Travis Scott’s Astroworld festival tragedy was preventable

A detailed breakdown of the concert tragedy that left ten dead


Jamaal Ellis / Associated Press

Crowd tightly packed at Scott’s Astroworld Festival.

Being a fan of Travis Scott, I had always dreamt of going to a concert with my friends and jumping around to “Sicko Mode” and singing along to “Goosebumps.” I would have never imagined a mass-casualty event that occurred on Nov. 5 at Scott’s Astroworld Festival that had 50,000 people in attendance. As of Nov. 15, 10 people have died as a direct result of this concert. 

All dreams of going to a Travis Scott concert shattered. Instead, my eyes were opened. How could this happen? No one should have to worry about concert safety at a concert. A concertgoer is supposed to feel safe. 

For one, the responsibility falls on the talent and concert promoters to get the safety precautions right. Even though attendance was limited at 50,000 people, the space allocated for the concertgoers was far too small. Police and fire officials need to be aware of the plans beforehand by event coordinators so that fans can have a realistic expectation of their safety. Extra security to help the injured would also be helpful. 

“When you go to events, you expect to be safe. It’s not your job to be a fire marshal, medic, safety expert,” said Paul Wertheimer in an interview with CNN. “You have a right to assume that your safety is being looked after.”

Concertgoers yelled, “Stop the show!” but to no avail. A woman named Seanna Faith McCarty climbed up and pleaded with the cameraman to tell someone to stop the show, and another concertgoer identified as Ayden Cruz stood on the ladder of the camera platform and also yelled at the cameraman to stop the show. Nevertheless, Scott’s show still continued, and security failed to acknowledge the people screaming for help. 

“None of that came,” McCarty wrote in an Instagram post. “We continued to drown. More and more. One person fell, or collapsed, it doesn’t matter how it started. Once one fell, a hole opened in the ground. It was like watching Jenga tower topple. Person after person were sucked down. You could not guess from which direction the shove of hundreds of people would come next. You were at the mercy of the wave. I watched my friend be dragged away from me and lost sight of her. I began to realize at that moment that there is a way to die that not many people know about. Being trampled to death.”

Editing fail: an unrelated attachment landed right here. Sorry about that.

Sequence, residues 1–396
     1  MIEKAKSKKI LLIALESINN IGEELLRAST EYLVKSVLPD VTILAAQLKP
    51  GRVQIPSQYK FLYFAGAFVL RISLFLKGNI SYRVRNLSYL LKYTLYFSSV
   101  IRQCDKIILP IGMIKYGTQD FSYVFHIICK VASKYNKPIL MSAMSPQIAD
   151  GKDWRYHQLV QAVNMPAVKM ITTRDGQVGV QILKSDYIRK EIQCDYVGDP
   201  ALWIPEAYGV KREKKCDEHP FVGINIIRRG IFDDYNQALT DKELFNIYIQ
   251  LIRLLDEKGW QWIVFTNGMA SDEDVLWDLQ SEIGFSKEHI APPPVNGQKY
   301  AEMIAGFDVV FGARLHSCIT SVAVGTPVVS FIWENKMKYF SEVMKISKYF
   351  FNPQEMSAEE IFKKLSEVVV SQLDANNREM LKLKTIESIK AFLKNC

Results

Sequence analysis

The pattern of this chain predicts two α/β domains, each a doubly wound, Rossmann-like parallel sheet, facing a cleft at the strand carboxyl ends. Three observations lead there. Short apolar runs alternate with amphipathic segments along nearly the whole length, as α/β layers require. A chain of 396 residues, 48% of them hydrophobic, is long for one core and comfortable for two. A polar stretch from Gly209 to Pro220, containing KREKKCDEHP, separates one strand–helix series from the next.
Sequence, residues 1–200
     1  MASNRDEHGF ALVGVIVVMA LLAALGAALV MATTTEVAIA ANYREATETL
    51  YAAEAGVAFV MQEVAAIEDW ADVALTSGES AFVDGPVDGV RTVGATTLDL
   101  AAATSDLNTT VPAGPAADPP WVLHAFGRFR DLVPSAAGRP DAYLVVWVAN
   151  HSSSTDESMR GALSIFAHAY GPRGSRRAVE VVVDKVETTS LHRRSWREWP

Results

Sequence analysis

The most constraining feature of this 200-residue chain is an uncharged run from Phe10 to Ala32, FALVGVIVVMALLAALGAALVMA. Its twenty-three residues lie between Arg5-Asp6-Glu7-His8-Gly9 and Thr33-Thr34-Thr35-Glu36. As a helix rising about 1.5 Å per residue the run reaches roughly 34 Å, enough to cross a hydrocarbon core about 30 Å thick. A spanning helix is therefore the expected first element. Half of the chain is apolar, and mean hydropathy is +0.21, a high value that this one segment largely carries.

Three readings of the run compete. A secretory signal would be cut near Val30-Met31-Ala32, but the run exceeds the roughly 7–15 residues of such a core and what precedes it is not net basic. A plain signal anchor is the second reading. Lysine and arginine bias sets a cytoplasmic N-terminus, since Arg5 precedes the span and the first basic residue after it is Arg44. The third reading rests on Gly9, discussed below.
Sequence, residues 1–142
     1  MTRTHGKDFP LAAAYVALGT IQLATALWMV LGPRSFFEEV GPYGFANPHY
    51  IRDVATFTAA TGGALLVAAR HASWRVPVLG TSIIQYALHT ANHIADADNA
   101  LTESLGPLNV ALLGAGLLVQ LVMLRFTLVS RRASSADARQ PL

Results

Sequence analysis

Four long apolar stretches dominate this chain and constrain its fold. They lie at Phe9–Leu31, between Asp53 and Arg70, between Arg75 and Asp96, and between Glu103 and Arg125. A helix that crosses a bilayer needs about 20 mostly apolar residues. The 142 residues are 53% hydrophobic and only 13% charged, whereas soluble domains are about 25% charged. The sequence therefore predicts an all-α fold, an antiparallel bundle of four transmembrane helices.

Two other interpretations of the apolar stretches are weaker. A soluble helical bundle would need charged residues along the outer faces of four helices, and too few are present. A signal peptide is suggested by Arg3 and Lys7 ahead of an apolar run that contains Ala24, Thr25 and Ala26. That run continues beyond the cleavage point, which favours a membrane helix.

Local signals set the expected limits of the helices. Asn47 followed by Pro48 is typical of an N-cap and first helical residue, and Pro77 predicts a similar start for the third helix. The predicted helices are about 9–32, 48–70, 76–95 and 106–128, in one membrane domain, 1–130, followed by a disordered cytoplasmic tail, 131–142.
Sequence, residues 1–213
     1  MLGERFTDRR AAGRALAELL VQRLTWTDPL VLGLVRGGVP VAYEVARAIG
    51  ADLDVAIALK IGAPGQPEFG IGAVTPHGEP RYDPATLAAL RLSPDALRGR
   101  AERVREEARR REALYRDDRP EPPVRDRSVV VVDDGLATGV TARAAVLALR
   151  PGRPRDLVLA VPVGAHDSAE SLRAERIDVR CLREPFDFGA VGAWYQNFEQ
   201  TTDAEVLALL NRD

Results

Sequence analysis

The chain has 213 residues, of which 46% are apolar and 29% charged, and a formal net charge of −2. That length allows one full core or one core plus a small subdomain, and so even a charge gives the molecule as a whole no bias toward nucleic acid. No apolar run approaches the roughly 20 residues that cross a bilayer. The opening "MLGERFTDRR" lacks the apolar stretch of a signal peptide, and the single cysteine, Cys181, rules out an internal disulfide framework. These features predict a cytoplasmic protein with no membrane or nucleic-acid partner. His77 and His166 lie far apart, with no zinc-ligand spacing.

There was also another opportunity to stop the show. At 9:30 p.m., an ambulance made its way through the crowd. Although Scott did pause the show, Houston fire chief Samuel Peña explained that Scott had further control over the crowd. 

“The artist, if he notices something that’s going on, he can certainly pause that performance, turn on the lights and say, ‘Hey, we’re not going to continue until this thing is resolved.’ That’s one way to do it, yes,” Peña said on NBC’s “TODAY” show

However, Scott’s lawyer, Edwin F. McPherson, explained on Good Morning America that neither Scott nor the crew were aware the concert was declared a mass casualty event. Although Scott has had a history of inciting chaos at concerts, there has been no evidence that Scott encouraged the crowd to get rowdy. 

“I’m not prepared to say that he was fully aware of the — of what was going on,”  Peña said. “All I’m saying is that everybody at that event — from the artist on down, security, and everybody that’s there to provide public safety, including the crowds, right? — in general, we all have a responsibility when we attend these venues to ensure each other’s safety. We’re a community at these events.”

Barricades were put in place to keep fans in control, but attendees still pushed through the barricades throughout the day. During the concert, the barricades acted as a cage, leaving concertgoers trapped. New footage shows that most of the deceased were in one highly packed area. 

“This was preventable. The crowd was allowed to get too dense and was not managed properly,” he said. “The fans were the victims of an environment in which they could not control,” Werthmeier said in an interview with Los Angeles Times

To donate to the victims’ families, there is a GoFundMe page available here.